Trying to live love well through the power of the Everlasting.
People aren’t who you think they are.
I recently had a conversation with my father. It was actually a very good conversation that I was very thankful for, and it left me feeling very grateful for him and his love for me. I say that up front, because what I’m now going to focus on will make it seem as if I have negative feelings towards my father regarding that conversation: I do not. I’m instead choosing to focus on a particular facet of what happened to make a point. I’m not disappointed that I saw what I did, nor am I disappointed with my dad for being human. (Also, in case you ever read this Dad, I also did not discount what you had to say because of this. As you yourself often have told me to do, I chewed the meat and spit out the bones.)
Among many ideas shared in that conversation, my dad outlined a few key things:
1) that I am attempting to force God to make a deal in the arena of accepting my sexuality,
2) that I am the embodiment of the C.S. Lewis analogy of a small child clinging to a mud pie because he cannot imagine what is meant by the offer of a holiday at the sea,
3) that my reading and studying of the Bible, articles, and blogs are to arm myself with information in an attempt to justify – to both myself and others- my interpretation of a Christian faith in which my sexuality is accepted, and…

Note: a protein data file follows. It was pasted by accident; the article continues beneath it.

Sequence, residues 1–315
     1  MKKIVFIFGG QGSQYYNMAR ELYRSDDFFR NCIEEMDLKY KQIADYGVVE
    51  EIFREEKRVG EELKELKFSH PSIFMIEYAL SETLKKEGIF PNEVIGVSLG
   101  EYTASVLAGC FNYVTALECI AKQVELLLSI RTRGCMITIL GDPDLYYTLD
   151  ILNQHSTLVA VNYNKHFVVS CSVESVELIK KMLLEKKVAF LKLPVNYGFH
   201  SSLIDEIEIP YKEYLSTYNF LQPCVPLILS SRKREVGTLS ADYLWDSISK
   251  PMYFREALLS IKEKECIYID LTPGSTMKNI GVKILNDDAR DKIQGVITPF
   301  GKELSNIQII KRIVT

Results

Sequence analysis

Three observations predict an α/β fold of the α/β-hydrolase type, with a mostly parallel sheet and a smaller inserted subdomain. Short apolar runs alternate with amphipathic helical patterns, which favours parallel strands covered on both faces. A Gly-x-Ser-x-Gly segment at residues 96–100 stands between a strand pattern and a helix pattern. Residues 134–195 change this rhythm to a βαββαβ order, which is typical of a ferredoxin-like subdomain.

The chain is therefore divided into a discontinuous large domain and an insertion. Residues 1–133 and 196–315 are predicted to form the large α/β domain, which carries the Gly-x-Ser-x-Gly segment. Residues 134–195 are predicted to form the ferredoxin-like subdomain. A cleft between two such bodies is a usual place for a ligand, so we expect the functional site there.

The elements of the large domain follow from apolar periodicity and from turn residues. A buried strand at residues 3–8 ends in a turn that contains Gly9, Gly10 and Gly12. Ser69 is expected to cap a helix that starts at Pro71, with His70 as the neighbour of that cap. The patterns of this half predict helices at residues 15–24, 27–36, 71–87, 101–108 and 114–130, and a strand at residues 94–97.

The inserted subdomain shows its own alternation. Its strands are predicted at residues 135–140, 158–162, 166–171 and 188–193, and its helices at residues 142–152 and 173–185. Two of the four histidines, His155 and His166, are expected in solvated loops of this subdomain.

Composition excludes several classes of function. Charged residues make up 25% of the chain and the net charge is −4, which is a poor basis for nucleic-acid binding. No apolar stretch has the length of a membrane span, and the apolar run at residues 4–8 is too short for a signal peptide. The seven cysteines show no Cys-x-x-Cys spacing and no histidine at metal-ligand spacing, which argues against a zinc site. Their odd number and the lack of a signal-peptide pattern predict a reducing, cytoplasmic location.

4) that, as we have discussed previously, there is a call on my life to be a pastor, and that he believes it is a call I utterly reject.
Again, to be clear, these are not “bones to pick” with my father. He is a wise man, and sees much that I do not. Often, I’ve found, I don’t realize just how clearly he saw things until several years have gone by. I acknowledge fully that there may be much in what he said that I may not be seeing at all. In which case, I may be attempting to communicate something that I feel to be true through a completely false medium. I don’t think that’s the case, but hey, just leaving a little wiggle room for when I read this again someday as an older, wiser me.
The point I intend to make is this: my father, who knows me thoroughly and much more intimately than most, was wrong about all four of those things. He was wrong about who I was, at the very core of me, and how I felt about them. Extremely well intended and loaded with wisdom, but wrong. The evidence that he has seen that led him to these conclusions was right and true, but ultimately he pieced together a canvas that doesn’t convey the truth.
And it’s not his fault.
It’s not that he doesn’t pay enough attention to me, or that we don’t talk enough, or anything else you may come up with. The real problem is this: